we have a programme of renewing and extending the stocks of Cheshire and Northern Heritage apples in Brimstage
We are cleft, bud and rind grafting some heritage and local varieties onto some of the tree stumps at Brimstage and Lees Lane. These are trees which were of varieties which were not suitable when first planted or where the graft has failed. In a few cases, the trees have had bad cankering or other fungral/bacterial infections and we have cut out the affected parts. Where we can, we are grafting on varieties that have a Cheshire origin.
There are many other varieties that do well here and have been grown for over 150 years. But they might be of French, Lake District, Marches or Midlands origin. We have a quandry - are these more of a heritage variety than one that was bred in Cheshire in 1952? Some of the rarities that grow in Preston or Ulverston, as examples, are known to be over 300 years old. Some of the varieties which have been grown in orchards in the North West for 500 years have French origins, so are these local varieties?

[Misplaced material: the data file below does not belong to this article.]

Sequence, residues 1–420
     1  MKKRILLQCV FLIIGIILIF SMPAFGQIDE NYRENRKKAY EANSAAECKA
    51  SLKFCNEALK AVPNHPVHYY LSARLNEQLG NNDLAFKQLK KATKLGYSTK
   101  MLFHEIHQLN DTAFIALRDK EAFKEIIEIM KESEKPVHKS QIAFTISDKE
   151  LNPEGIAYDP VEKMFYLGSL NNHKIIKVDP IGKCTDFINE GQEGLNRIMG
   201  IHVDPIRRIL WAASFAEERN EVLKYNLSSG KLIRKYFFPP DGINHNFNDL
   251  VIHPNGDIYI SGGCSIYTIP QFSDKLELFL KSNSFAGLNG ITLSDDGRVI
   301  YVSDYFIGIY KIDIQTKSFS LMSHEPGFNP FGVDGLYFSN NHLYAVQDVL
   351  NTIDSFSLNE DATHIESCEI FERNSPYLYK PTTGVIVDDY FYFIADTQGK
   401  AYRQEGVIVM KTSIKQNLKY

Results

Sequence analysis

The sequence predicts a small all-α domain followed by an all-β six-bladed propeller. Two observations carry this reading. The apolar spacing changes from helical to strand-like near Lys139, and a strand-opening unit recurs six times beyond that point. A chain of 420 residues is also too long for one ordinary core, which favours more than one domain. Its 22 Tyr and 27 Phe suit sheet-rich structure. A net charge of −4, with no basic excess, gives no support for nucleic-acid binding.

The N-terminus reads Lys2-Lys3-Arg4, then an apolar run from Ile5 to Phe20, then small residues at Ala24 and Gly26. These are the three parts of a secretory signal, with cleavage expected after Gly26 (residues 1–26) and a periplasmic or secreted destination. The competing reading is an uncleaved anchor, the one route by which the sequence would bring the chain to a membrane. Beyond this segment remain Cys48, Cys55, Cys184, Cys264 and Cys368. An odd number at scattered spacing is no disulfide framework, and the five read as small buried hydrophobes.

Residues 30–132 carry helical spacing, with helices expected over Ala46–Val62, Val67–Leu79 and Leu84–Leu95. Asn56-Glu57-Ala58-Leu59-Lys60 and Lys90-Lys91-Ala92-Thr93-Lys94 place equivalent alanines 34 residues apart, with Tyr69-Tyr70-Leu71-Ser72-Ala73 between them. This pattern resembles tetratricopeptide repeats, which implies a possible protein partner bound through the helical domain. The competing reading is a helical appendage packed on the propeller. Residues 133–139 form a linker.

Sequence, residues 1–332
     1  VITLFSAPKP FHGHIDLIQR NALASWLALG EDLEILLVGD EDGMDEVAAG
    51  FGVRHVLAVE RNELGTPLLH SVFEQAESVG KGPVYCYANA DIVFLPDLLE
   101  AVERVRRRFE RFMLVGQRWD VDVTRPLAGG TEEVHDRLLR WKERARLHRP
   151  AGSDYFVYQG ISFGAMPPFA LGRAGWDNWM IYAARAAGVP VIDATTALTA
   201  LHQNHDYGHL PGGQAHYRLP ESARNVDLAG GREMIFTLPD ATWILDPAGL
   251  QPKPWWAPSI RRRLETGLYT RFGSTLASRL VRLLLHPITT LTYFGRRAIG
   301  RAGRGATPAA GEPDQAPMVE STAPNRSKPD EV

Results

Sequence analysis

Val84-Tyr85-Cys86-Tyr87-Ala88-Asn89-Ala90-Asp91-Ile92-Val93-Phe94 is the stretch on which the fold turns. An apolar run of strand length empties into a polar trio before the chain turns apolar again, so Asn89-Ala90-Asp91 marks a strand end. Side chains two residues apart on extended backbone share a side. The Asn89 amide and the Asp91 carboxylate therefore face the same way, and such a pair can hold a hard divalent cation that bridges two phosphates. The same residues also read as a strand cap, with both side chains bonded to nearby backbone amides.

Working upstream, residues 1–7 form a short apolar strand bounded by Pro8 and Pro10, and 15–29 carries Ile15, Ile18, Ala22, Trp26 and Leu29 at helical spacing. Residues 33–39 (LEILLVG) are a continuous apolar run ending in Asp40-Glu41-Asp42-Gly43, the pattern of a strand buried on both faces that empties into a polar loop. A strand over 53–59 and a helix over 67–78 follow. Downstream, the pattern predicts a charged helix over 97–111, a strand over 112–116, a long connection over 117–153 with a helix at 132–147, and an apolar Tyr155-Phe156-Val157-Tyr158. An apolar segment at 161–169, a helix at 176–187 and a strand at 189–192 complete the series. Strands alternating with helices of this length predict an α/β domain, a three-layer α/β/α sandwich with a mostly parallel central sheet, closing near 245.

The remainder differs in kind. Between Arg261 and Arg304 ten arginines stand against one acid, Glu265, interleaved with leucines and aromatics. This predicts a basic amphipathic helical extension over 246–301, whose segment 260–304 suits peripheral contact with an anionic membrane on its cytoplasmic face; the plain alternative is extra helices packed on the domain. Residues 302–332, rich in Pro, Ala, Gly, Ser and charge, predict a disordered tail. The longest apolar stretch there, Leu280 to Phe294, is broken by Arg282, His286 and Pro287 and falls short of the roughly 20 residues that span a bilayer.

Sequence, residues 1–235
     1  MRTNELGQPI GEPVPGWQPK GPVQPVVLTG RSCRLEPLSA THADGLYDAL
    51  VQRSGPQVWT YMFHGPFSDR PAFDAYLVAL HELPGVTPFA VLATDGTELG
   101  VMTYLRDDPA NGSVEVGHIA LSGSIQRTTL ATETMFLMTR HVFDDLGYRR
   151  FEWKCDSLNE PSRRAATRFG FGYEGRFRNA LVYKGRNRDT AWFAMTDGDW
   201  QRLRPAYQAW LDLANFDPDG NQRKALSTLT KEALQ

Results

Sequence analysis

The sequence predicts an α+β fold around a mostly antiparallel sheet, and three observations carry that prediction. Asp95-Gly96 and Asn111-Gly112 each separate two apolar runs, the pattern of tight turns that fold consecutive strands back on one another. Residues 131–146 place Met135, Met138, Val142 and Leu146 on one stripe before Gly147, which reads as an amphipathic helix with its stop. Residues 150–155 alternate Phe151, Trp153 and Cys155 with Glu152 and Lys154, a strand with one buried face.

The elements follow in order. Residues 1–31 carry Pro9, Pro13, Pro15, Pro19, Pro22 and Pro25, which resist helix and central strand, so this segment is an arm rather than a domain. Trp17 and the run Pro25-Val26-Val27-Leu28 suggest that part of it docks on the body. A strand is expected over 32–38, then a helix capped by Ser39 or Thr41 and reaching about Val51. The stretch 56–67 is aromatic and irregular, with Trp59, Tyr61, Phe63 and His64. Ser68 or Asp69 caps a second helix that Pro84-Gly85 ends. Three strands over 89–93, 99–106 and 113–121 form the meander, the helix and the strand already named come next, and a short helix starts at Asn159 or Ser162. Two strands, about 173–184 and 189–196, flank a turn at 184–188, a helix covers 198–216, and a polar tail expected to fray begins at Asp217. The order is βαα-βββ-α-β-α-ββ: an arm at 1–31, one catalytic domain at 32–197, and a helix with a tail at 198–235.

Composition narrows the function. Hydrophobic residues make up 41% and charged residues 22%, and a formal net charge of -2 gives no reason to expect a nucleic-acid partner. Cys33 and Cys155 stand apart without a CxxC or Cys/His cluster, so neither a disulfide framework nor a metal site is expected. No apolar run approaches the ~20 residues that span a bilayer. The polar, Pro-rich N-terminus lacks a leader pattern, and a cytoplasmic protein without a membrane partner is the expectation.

So we are replacing non-local recent varieties like Greensleeves apple & Red Partridge pear when they fail with Cheshire apples like Wareham's Russet and Minshull Crab, old classics like Ashmeads Kernel and Scotch Bridget. We are fortunate to be able to get scions of rare pears with a pre-Tudor heritage like Green Chisel and Butter Pear.
We demonstrate grafting onto specially grown stocks at various sites in Wirral and Cheshire, and these are some of the varieties we've been given to use as scions:
Ard Cairn Russet
Hunts Duke of Gloucester
St Edmunds Pippin
“Comte De Lamy “